The insecurity is further demonstrated by the fear of the possibility of closure of the Strait of Hormuz, which is a major passage of crude and gas exports from the Arabian Peninsula by the Iranians. The Saudis were building pipelines to bypass the Strait of Hormuz for some 20 years now and they have built export terminals on the Red Sea and hence the need to secure this important seaway from the Somali Sea through the Gulf of Berbera, and Bab El Mandab to the Suez Canal.
Despite being Muslims, the Arab Gulf States have also forgotten that charity is not a way to diplomacy. If one is a donor, it is for Allah, as Islam advises and not for gains. It would seem the Arab Gulf States use their newly found wealth to gain footholds in the Horn of Africa States to control them. They forget that other major powers of the world offer better than mere dollars. They cannot build roads and rail and they cannot build factories or other infrastructures and technologies, even through loans. The claim that they invest in logistics, ports, and trade development remains a lame excuse for fear of losing to other ports and this is a far greater motive. They, indeed, depress-cum-suppress the growth of other ports. Djibouti found out of the ploy long ago and cut off the relations with DP World with great difficulties.
The Horn of Africa States has long historical relations with the Arab Gulf States, but those relations of old is no longer in place because the Horn of Africa States is now poorer of the two and Arabs only respect power. They associate themselves with the more powerful and not with the poor. They believe, because the Horn of Africa States is poor, they can dictate to them their will. It is where the Arab Gulf States are making a major blunder. The Horn of Africa States is a tough region despite being poor. They are a people who can die in hunger and never lose their intrinsic pride, despite the existence of few bad apples, like any other society.
The Horn of Africa States not only lies in a strategic location along the path to the Suez Canal but is also the source of the Nile waters that feed Sudan and Egypt and traditionally these two major factors generally determined its peace. How well they manage these two issues was always a determinant of the fate of the region. Both Sudan and Egypt never entered into the internal affairs and clans and ethnic groups of the region. The entry of the insecurities of the Arab Gulf States into the scene, has mudded and messed it up and truly poses an existential threat to the Horn of Africa States region. Today the whole region is embroiled in clan/tribal civil wars and terrorism and to a large extent, they all emanate from the insecurities of the Arab Gulf States. It is up to the leadership of the region to wake up to this new threat and face them boldly. They do not need the “qualche dollaro” they offer.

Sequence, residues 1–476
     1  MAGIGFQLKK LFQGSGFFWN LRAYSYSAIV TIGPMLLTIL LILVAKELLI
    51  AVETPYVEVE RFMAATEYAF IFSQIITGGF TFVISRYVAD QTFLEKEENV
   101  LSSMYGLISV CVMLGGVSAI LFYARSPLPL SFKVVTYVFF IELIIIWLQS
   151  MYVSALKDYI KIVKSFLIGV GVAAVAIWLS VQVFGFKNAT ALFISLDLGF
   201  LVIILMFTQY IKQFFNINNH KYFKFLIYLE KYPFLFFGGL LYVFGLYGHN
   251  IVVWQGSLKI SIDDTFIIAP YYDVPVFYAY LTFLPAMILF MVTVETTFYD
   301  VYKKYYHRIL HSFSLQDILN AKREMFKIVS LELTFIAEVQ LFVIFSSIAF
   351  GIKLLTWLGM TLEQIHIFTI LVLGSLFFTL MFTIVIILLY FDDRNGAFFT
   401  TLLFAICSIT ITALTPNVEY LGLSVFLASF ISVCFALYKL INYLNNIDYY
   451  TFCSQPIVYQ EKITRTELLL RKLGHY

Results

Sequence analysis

The SEED countries of the Horn of Africa States need to strengthen the economic, political, social, cultural, and security cooperation of the region to face off the threats posed by the insecurities of others. Peace and continuing reconciliation among the countries of the region would open new pathways including economic integration to cooperate and would change the landscape of relations in the region. Instead of the tag “Conflict-Ridden Region”, it should carry another tag the “Peaceful Region”. Arab Gulf States should know that the region is not a threat to them but need to survive too!
Dr. Suleiman Walhad writes on the Horn of Africa economies and politics. He can be reached at firstname.lastname@example.org.